Last week the cold Crypto War between vendors and government turned hot: the United States Department of Justice got a court order demanding that Apple to hack an iPhone 5c that was carried by one of the San Bernardino shooters.

This is to help Federal Bureau of Investigation gain access to its contents, in case there's something incriminating on the phone. The hack in question would require Apple to write code that disables certain iPhone security features.

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FBI wants protections against "brute force cracking" or guessing an iPhone's lock code removed so that it can enter them quickly as many times as it takes until the right one is found; without the hack, iPhones are designed to first stall too-frequent lock code entries, with increasing wait times between each try, and the device will lock itself after ten incorrect guesses.

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This won't set a precedent, it's not a backdoor, and it is perfectly safe and necessary, FBI says.

Apple vehemently disagrees, and says that such a hack will endanger other iPhone users (those with newer devices than the iPhone 5c) as well. The company can do it, but Apple doesn't want to because it believes once the cat is out of the bag, millions of its customers will be less secure.

If Apple breaks into the phone for the US government, what's to stop other authorities around the world including repressive regimes from demanding the same?

Here, it's worth remembering that what constitutes a serious crime varies hugely around the world.

Security expert Jonathan Zdziarski who specialises in Apple iOS and who has testified in court cases puts its succinctly:

An American is arrested in a foreign country and faces death for being gay. Foreign country orders that Apple backdoor a phone. Now what?

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There will be pressure from now on from governments on Apple to provide the hack that FBI demands; if Apple doesn't have the hack, it will be that much easier to resist the pressure.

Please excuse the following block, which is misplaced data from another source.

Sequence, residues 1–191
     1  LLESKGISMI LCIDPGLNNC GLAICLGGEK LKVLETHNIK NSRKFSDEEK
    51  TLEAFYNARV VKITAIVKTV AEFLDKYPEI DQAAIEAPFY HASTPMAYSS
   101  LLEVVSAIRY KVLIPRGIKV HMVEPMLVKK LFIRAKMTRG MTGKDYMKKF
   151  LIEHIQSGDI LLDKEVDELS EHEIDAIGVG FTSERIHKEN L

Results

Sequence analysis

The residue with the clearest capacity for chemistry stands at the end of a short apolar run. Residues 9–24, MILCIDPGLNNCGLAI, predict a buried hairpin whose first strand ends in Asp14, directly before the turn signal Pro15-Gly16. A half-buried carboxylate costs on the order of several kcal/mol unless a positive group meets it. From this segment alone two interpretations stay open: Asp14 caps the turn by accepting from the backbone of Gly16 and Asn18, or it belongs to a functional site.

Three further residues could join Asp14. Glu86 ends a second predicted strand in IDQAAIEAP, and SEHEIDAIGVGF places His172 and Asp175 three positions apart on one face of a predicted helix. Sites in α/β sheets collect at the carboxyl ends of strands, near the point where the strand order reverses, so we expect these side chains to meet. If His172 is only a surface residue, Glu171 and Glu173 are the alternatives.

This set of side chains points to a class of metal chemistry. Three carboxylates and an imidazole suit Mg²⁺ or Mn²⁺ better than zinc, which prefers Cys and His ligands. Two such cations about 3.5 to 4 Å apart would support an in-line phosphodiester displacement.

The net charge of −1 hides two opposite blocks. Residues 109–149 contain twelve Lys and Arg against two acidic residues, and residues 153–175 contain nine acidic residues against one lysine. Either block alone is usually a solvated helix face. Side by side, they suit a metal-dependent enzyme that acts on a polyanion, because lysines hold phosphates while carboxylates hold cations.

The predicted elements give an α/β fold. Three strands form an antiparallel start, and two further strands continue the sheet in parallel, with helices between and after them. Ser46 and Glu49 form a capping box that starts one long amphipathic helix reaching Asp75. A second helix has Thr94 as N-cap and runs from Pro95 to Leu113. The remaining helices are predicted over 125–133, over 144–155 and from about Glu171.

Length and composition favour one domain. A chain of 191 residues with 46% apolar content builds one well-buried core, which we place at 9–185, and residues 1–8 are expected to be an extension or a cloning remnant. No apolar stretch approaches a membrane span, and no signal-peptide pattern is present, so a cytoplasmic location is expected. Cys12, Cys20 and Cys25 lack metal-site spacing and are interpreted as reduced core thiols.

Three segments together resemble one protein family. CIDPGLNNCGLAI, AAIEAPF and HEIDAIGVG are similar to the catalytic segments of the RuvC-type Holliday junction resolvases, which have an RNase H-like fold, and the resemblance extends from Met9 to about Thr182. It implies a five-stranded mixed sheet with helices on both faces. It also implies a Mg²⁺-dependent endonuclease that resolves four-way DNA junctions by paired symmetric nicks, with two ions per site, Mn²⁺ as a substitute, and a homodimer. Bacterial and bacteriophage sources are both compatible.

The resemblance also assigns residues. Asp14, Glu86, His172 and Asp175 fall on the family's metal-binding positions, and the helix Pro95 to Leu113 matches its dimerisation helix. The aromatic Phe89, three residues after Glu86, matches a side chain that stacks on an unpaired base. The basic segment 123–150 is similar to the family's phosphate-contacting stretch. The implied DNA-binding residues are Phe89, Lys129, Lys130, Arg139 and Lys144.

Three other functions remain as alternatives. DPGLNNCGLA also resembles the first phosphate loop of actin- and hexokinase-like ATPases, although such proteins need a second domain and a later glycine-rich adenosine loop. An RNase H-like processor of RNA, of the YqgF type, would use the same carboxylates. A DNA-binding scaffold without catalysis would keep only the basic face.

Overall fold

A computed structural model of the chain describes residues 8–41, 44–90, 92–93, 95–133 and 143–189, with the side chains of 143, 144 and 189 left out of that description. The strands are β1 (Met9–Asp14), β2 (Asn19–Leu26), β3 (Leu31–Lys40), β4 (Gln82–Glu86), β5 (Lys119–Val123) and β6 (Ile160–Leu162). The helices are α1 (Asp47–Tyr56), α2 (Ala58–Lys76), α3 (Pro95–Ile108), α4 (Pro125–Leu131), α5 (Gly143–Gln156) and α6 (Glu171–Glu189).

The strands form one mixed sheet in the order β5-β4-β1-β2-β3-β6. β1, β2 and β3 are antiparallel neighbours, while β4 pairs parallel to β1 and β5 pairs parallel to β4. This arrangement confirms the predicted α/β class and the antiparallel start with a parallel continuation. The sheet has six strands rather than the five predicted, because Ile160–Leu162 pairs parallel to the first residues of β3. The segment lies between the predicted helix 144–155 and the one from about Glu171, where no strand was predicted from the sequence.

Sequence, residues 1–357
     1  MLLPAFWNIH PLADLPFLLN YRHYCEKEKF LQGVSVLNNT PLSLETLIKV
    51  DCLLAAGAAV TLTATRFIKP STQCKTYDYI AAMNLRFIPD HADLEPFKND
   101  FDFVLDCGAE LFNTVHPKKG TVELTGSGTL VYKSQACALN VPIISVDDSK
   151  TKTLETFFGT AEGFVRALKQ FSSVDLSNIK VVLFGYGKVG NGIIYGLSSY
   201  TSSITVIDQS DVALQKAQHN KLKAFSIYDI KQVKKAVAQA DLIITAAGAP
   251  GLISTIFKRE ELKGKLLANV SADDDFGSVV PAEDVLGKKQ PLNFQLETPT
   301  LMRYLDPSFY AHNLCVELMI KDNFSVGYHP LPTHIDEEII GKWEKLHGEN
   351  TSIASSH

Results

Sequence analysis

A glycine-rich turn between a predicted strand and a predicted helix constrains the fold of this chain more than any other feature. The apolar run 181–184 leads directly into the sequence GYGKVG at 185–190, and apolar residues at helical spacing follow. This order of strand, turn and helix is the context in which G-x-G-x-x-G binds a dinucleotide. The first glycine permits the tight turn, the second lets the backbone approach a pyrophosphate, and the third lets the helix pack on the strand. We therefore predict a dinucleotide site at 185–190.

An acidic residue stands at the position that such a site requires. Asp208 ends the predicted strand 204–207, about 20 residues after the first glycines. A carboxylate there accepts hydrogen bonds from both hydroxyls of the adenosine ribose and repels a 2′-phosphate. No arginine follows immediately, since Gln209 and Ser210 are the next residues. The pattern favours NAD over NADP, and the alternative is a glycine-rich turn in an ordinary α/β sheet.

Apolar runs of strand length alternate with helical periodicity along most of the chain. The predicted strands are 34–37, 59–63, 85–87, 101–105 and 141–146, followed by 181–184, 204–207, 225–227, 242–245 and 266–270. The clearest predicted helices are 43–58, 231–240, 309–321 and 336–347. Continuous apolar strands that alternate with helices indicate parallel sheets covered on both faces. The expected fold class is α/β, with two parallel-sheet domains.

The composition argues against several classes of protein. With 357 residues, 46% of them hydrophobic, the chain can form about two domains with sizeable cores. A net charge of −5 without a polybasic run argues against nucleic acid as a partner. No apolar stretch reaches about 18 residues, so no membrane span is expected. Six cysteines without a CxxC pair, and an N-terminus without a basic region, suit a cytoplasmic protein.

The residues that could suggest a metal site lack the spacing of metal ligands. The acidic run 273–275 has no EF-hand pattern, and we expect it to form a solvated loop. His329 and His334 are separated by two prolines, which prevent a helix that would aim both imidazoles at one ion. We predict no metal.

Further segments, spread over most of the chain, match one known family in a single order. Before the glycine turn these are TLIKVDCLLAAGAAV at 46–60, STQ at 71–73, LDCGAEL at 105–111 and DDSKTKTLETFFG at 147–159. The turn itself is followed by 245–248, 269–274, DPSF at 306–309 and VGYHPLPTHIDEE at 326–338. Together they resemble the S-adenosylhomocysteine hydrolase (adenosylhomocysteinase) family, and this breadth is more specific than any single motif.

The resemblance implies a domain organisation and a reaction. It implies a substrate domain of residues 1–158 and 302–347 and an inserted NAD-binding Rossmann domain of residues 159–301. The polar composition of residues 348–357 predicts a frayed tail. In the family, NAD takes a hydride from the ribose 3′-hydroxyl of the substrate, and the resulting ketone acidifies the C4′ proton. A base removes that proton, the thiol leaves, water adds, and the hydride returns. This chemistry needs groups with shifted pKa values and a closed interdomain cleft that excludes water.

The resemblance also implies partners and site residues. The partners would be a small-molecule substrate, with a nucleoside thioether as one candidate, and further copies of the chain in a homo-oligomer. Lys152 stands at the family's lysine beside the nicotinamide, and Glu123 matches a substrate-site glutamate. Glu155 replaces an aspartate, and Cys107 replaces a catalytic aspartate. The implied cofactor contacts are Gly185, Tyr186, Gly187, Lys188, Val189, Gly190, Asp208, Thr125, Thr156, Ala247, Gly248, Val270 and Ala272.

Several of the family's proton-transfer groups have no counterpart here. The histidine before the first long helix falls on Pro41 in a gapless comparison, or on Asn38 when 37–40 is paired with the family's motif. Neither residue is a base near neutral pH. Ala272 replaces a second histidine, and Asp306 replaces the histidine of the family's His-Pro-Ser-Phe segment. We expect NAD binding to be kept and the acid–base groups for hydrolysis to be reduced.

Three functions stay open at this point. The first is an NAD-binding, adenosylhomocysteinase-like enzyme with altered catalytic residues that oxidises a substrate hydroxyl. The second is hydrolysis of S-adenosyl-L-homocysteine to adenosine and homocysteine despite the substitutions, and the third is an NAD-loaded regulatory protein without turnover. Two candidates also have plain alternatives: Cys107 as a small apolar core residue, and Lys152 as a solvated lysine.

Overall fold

Furthermore, keeping the hack secret might not be possible.

Zdziarski believes that the hack would have to be certified as a forensic Instrument by the court to be accepted as part of the evidence gathering process.

That means the hack would have to be extensively documented, tested to make sure it doesn't change anything on the device, and peer reviewed by a US standards body before it is accepted in court. This is standard procedure for forensic instruments, Zdziarski said.

It remains to be seen if the hack would be subject to such rigorous vetting, but if it did, it would make Apple's concerns about having to provide similar assistance to each and every government moot, as the details will be out in the open.

There's also some doubts around how much valuable information Farook's iPhone actually contains.

It was given to him by his employer, subject to monitoring, and it is not his personal device. He destroyed two of his own phones.

It remains to be seen if the hack would be subject to such rigorous vetting, but if it did, it would make Apple's concerns about having to provide similar assistance to each and every government moot, as the details will be out in the open.

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Furthermore, the iPhone will have had its cellular spoors - location and call data from mobile phone telcos - well and truly captured, along with iCloud backups from Apple. That's quite a bit of data on Farook's activities already.

The iCloud backups are only until October 19 last year. There might have been newer backups, but these stopped after Farook's employer reset the iCloud password after confiscating the phone after being asked by the police.

Not only that, the police turned off the iPhone completely. This is a no-no in IT forensics, as it makes access to the device far harder than if it had been left charged and running and partially unencrypted.

Leaving possible police forensic incompetence aside, there's plenty of stake on both sides, and neither side feels it can back down.

A safe guess is that Apple and other tech vendors will do their damnedest to ensure they won't be in a similar Mexican stand-off with the law again. This means more services, devices and storage will be strongly encrypted, with users having the keys, not the vendors.

In other words, the whole exercise could backfire for law enforcement who will have to contend with much more secure devices soon.

But, if you're gay or a political dissident, or both, and don't want your nearest and dearest and friends to be picked up by the police and murdered along with you because their details were found in your smartphone, what can you do?

Apart from minimising smartphone use, and what's stored on it, set a long, complicated password. It's too easy to crack the four-digit PINs, something Apple recognised in iOS 9 when it made the passcode a minimum of six numbers.

Make it even more complicated than six numbers, with plenty of digits, letters and symbols, and you'll have served the life in prison sentence before the police guess your passcode.

They'll probably try to beat the passcode out of you, but at least you've made them work a bit harder than they'd normally need to.